In the fall of 2001, just a month after the attacks of 9/11, I boarded a plane bound for Osaka, Japan. It would be the first of many trips across the Pacific and the beginning of seven years in that fantastic country. I recall the flight from Florida to Japan being so long that I felt as if I had always been on that plane. We eventually did land though and the adventure began.
My job in Japan wasn't glamorous, nor were my cramped living quarters consisting of a very small tatami mat room and a thin futon. I remember opening the door of my apartment for the first time and wondering where the other half of it was. I had roommates from other English-speaking countries, and we were all there to teach English.
But really I was there for other reasons. Among them were exploration, adventure, and escape. I probably wouldn't have admitted it then, but I was running alright. Running from my dreams, in fact. I had recently completed a degree in music, and my experiences studying music at the university enriched my life in ways I had never expected. After school, I spent a couple of years teaching, but my real dream was to be a composer. Lack of money and a deepening insecurity that maybe I didn't have the talent to be a composer caused me to change my plans. Instead of pushing myself, I avoided graduate school where I had originally planned to get a PhD in music composition.
Instead of writing music, I spent those first few years in Japan throwing myself into language learning, immersing myself in the culture, and generally having a good time. Japan was a fascinating place, and the culture was so different from anything I had experienced so far. I loved the food, the people, and I enjoyed life in a big city. But I knew in the back of my mind I was burning up years that could have been well spent doing the thing I most enjoyed. Eventually, I decided to get an iMac, and of course, it came preloaded with Garageband. Suddenly, making music got easier. I had no more excuses.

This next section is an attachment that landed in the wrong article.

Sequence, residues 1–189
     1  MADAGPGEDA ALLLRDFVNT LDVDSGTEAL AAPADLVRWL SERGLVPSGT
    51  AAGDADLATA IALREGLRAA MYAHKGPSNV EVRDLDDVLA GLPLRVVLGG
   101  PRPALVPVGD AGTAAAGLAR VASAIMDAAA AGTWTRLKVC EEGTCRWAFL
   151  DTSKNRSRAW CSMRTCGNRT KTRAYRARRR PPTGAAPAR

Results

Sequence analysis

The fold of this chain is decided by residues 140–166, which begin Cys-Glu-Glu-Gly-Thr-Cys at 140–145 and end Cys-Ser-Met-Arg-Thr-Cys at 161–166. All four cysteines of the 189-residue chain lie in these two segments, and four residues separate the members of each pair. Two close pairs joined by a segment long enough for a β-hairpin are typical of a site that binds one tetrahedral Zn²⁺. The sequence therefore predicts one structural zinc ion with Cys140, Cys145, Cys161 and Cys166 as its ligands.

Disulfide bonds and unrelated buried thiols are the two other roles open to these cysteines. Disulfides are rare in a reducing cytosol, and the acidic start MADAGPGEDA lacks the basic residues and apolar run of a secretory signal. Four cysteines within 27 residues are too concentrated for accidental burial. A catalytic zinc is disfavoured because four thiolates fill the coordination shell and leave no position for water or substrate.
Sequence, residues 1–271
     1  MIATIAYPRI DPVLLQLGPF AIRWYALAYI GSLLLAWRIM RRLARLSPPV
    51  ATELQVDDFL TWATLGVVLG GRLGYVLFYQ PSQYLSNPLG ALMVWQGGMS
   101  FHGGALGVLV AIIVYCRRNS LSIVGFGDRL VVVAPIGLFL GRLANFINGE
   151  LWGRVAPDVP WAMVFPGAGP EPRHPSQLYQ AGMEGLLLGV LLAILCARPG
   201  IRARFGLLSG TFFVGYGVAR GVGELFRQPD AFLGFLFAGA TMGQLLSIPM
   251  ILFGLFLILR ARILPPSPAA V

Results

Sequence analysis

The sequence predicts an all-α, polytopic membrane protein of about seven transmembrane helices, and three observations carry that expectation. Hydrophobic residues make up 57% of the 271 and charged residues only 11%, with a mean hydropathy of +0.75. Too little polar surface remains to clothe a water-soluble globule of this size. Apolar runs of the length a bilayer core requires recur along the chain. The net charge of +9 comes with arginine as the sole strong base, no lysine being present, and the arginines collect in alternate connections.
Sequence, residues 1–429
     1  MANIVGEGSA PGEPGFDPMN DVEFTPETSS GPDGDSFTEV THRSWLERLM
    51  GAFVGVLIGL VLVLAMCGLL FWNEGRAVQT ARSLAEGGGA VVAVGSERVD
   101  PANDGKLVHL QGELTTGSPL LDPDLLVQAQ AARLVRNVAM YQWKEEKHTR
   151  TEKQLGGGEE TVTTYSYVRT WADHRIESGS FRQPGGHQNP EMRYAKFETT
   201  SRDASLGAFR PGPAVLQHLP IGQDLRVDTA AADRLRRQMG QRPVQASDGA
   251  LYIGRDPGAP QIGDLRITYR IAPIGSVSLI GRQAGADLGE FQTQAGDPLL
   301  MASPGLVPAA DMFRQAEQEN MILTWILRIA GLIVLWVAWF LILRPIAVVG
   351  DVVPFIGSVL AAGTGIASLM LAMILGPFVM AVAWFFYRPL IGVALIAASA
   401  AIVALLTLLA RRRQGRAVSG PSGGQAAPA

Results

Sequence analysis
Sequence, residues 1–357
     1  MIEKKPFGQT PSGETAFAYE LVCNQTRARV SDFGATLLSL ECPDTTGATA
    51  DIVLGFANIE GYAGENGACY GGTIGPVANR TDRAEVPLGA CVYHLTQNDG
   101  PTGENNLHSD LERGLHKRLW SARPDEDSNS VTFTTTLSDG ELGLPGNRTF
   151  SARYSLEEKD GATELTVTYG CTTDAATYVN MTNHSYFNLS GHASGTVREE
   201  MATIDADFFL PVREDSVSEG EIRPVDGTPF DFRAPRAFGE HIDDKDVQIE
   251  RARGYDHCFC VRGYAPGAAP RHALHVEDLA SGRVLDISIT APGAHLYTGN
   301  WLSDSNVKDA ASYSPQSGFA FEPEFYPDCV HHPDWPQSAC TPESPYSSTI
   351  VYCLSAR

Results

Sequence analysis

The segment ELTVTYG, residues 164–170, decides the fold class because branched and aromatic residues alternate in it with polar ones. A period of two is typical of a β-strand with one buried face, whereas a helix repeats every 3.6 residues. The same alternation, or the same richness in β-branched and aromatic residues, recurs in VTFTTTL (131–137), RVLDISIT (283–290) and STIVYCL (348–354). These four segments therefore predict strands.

When I left my home in the States, my insecurities about writing music had centered on the fear that I just couldn't come up with anything original. It had all been done before. How could I possibly compete with a Symphony by Gustav Mahler or a Prelude by Rachmaninoff? Even modern musical genres seemed to have exhausted all possibilities of originality. Despite holding onto this self-defeating opinion, and despite the gnawing insecurities about lack of talent, I wanted to write again.
I found a group of composers online at a place called "MacJams" who were welcoming and inspiring. Members of the site post their music and others comment on it. In most cases people were almost too nice, but there was also helpful feedback. MacJams helped me start writing again. As I wrote, I realized that I definitely had many shortcomings as a composer, but at least now I was back on course. I continued to write and also began helping with music at church—playing piano and guitar and sometimes leading the singing.
While in Japan, I also met some excellent musicians. In fact, many of the musicians there seemed much more dedicated to their craft than I had been. It was years before I realized that becoming a good composer is as much about craft and determination as it is about talent or originality—probably more so.
Just as music school had enriched my life in so many ways, Japan had done the same. Now, ten years since moving back to the US, my family and I are planning a return trip to Japan. For me it's a rather emotional one. On the one hand, I have some painful regrets about the time I wasted, but Japan was also the place where I began to write again. This fall I'm planning to release an EP called Japonica. The album is about places and experiences in Japan that have meaning for me. Japan and music have had enormous and unforeseen impacts on my life. This album will be a musical offering of two of my favorite things.